Earlier this week, I’m sitting in Panera, watching a multi-generational family come in through the side door. The grandparents are wearing traditional African dress. I can’t place the country or region, but the man and woman both wear flowing garments in bright colors, and their heads are covered, his with a small, round cap.
They did not buy their clothing at Target.
They’re with two women in their thirties or so, one with young children of her own. Their daughters, I assume, are clearly protective of both their parents and the little ones, ushering them into the restaurant. Their clothing is American, but they both wear headscarves. They switch between accented English and their native language.
And the little children? They are unmistakably American, wearing cartoon character-sneakers and glittery tee shirts. I don’t hear them speak, but I can’t imagine they’ll have an accent.
I’m eavesdropping on the story of our country.
Minutes later, I read this Swistle post: we gave our son a foreign name that’s proving difficult. Do we change it?
And a day later, I had a conversation with a native Spanish speaker about her son’s name. She hadn’t realized how a non-Spanish speaker might say it. (The first time I said it, I butchered it!)
We know what we know, and we forget that others have experiences that are worlds away – sometimes literally.
In generations past, assimilation was the norm. My grandparents’ generation have two names – their Italian names at home, their American names that became the way we, their thoroughly American grandchildren, thought about them.
For many families, assimilation feels urgent and necessary. There are negative consequences to standing out, and while they make me sad, ultimately I understand that the urge to fit in is strong.
And yet, if there’s any gift of the wild diversity of naming children in the twenty-first century, it ought to be this: we can embrace the names of our cultures, and believe that they will be understood and respected by those we meet.
Is this too optimistic? It’s the way I feel when I meet a person with a name I’ve never encountered, and I believe many of us feel that same way – curious, and excited that our world is, for a fleeting second, growing bigger.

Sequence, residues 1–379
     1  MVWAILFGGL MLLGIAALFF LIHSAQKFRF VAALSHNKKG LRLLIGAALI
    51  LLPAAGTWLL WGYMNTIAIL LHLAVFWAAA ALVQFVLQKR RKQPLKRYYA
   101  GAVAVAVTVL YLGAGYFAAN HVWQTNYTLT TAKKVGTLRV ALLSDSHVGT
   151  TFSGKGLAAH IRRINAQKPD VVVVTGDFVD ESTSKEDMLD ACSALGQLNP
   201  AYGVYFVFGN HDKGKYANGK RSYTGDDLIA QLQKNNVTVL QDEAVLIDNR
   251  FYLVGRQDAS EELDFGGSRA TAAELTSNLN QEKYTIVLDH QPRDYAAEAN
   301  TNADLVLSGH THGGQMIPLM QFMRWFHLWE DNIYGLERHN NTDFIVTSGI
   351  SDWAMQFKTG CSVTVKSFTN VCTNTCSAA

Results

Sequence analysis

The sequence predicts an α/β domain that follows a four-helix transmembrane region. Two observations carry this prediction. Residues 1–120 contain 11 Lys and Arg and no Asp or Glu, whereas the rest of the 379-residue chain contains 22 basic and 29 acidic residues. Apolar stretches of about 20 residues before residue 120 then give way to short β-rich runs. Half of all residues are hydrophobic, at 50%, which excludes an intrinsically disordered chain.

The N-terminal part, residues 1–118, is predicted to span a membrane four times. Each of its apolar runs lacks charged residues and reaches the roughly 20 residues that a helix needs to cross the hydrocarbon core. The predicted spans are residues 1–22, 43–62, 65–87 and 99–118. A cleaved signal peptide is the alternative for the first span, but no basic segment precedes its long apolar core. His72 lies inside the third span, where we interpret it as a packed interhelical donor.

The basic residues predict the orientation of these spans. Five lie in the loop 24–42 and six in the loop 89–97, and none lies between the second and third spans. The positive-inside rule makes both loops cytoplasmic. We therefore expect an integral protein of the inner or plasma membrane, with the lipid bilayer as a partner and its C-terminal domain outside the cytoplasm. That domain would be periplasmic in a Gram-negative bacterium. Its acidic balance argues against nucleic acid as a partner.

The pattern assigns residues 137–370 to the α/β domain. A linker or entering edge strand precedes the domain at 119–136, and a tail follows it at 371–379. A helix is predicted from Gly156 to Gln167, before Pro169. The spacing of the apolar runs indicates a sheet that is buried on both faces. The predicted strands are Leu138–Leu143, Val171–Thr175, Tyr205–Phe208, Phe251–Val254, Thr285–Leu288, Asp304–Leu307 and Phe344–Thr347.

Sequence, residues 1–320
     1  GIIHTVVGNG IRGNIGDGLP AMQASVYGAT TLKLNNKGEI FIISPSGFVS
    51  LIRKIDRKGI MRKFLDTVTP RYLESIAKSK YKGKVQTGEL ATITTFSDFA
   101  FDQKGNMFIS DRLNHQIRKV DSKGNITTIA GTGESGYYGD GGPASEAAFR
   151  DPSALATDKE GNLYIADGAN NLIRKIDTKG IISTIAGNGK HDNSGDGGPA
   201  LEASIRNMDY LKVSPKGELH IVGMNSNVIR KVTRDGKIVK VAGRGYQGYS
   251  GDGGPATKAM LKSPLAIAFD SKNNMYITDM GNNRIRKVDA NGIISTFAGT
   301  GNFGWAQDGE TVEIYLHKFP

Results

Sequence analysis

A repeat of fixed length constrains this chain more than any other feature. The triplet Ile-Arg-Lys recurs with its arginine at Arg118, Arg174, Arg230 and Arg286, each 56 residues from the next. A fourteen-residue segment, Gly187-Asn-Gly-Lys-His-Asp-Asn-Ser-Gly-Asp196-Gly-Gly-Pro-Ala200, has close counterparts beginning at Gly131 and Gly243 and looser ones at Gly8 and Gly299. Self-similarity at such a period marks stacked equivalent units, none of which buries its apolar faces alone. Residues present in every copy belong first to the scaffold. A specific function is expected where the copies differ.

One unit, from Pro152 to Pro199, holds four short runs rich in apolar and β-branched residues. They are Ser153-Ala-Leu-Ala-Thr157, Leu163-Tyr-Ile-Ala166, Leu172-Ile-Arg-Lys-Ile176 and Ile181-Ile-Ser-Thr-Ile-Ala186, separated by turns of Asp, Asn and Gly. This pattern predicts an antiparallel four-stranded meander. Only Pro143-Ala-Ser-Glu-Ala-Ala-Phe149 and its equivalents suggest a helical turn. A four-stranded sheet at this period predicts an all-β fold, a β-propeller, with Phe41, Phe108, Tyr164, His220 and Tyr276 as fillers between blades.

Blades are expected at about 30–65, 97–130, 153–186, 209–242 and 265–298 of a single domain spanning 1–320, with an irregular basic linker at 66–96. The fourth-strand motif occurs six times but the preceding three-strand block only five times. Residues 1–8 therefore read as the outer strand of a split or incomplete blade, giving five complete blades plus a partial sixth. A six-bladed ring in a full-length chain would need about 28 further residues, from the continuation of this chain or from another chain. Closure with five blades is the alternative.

I’m curious to know: how have you dealt with foreign names? A great many families I know tuck them in the middle spot, or work hard to find names that span both cultures.
- I agree with Elea: Monty might be the next Archie … in the UK! Neither feels mainstream in the US … yet.
- Cecily Antonia Margaret – swoon! And lots of others in the current round-up of birth announcements from British Baby Names.
- One more from the UK: Gordon Ramsay and wife Tana welcomed Oscar James, their fifth child.
- An old post, but an interesting one on what it’s like to have a famous name.
- So seltene translates to rare. Interesting to see what was considered a rare girl or boy name circa 1974 in Germany. Cinderella would surprise anywhere, but Claire and Sabrina and Roger? Everything depends on where and when you are …
- I think Duana’s answer to this question is spot on.
- Why do I love this list of April namesakes so? I can’t say, but I do.
- So many good names to borrow from books!
- Seriously outside-of-the-box picks in this video. There’s one I had honestly never considered – but kind of love.
- Naming triplet girls!
That’s all for this week! As always, thank you for reading – and have a great week!